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Cover of Concrete Highways Magazine, showing Highway 10 near Asheville, North Carolina, 1928

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Cover of Concrete Highways Magazine, showing Highway 10 near Asheville, North Carolina, 1928
Smithsonian Institution Libraries

IN CONTEXT

This object appears in the following sections:


Technology
Transportation Infrastructure Videos — Transportation infrastructure

Lives on the Railroad: Salisbury, North Carolina, 1927
Lives on the Railroad: Salisbury, North Carolina, 1927 — Promoting Good Roads

RELATED OBJECTS
Washington to Richmond road


Concrete Highways
Currently on display
From the Smithsonian Collection
In 1921, the North Carolina General Assembly passed a good roads bill. Supporters claimed that roads would help connect the state's textile industry and local farmers to national railroad and waterway networks. By 1925, funds raised by a gasoline tax, automobile license fees, and federal government highway bonds paid for 7,680 miles of improved roads. Improved road networks and improved road surfaces allowed year-round automobile travel to become a reality. With the influx of public money, North Carolina began to build roads to connect all its county seats.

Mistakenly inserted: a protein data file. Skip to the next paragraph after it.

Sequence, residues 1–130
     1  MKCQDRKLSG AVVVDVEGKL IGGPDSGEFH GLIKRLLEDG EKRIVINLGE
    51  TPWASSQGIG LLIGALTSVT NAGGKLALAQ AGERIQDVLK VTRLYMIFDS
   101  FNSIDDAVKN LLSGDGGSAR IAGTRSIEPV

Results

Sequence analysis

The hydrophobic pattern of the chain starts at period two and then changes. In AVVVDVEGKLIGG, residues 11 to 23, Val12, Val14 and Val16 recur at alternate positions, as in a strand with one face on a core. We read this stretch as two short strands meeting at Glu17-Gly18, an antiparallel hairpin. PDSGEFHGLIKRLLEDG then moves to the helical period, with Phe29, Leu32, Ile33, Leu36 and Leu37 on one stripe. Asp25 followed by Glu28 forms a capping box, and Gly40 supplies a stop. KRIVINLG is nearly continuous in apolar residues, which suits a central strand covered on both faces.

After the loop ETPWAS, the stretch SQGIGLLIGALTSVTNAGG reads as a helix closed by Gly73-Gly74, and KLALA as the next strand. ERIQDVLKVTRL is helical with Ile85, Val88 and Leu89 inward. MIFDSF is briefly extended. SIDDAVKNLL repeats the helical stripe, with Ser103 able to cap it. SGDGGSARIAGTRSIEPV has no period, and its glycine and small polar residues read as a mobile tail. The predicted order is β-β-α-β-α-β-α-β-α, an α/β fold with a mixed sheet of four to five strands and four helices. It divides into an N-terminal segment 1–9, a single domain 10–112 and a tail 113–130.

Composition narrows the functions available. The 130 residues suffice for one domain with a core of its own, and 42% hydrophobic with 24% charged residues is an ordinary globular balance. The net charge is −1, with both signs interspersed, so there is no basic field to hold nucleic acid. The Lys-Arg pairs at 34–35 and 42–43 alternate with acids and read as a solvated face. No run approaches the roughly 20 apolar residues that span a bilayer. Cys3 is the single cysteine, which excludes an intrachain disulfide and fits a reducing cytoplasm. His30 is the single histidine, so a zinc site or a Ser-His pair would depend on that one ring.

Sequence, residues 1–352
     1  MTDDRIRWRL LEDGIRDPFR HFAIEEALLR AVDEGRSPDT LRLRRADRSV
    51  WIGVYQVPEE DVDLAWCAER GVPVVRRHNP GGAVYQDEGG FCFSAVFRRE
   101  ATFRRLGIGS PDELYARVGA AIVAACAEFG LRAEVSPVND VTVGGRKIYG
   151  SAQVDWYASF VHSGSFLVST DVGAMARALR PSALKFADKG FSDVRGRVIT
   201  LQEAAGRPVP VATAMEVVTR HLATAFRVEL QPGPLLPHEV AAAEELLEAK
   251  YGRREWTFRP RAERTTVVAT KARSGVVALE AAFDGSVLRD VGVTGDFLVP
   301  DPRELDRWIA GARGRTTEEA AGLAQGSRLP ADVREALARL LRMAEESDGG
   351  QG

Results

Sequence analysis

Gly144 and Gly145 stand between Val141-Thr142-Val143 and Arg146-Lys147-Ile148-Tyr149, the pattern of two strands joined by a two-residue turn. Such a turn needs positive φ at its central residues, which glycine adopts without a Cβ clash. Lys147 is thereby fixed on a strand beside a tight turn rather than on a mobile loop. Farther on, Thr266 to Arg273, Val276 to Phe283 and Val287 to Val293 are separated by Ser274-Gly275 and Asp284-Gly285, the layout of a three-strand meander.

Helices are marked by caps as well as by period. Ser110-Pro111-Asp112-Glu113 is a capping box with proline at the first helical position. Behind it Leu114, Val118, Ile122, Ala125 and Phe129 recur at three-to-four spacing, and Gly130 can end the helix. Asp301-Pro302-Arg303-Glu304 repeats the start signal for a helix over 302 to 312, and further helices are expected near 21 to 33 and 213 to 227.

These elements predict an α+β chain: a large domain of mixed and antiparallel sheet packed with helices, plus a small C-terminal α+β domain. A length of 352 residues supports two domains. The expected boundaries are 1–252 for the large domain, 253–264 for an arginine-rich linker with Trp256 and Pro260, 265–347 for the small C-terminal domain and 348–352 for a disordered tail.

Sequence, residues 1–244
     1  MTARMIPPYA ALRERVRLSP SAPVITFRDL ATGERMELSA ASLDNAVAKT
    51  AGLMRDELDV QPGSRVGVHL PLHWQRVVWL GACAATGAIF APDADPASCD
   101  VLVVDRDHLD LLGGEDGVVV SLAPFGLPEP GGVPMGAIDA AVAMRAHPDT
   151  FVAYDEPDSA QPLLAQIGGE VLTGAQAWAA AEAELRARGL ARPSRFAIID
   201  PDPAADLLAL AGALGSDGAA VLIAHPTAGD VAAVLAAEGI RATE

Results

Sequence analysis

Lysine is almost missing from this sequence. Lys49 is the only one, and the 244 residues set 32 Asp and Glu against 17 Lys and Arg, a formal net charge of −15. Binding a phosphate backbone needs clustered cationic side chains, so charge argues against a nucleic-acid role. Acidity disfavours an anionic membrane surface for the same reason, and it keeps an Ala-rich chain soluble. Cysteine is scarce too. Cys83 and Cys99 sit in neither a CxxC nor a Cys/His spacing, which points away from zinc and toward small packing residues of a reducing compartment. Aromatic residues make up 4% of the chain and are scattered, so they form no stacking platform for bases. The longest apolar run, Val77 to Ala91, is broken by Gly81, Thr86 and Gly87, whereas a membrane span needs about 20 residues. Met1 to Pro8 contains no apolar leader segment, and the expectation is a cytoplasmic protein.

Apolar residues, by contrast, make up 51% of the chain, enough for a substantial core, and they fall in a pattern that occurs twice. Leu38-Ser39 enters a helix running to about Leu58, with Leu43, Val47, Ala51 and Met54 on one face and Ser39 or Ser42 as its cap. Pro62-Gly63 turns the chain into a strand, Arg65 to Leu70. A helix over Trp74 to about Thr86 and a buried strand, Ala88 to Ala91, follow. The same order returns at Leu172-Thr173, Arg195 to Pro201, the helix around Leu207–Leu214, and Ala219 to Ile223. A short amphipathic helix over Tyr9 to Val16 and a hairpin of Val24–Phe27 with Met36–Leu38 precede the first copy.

Physical Description
magazine cover
Details
Date Made:
1928
Locations:
North Carolina
History

During the 19th century, cities usually had decent roads, but rural roads were often little more than muddy trails. Bicyclists and railroad companies began calling for good roads in the 1880s, but American road building really took off in the 20th century as a response to the rising numbers of cars and trucks. Some of these new roads were private initiatives, such as the Lincoln Highway, but after 1916, federal law and government money fueled much of the country’s road building. In 1921, Congress passed a second act that provided states with matching monies to improve their roads. The 1921 act also required that state highway departments designate seven percent of all rural roads in the state as "main" roads, and that the federal monies go to those roads. This helped create a long distance road network and helped fuel a highway building boom in the 1920s.


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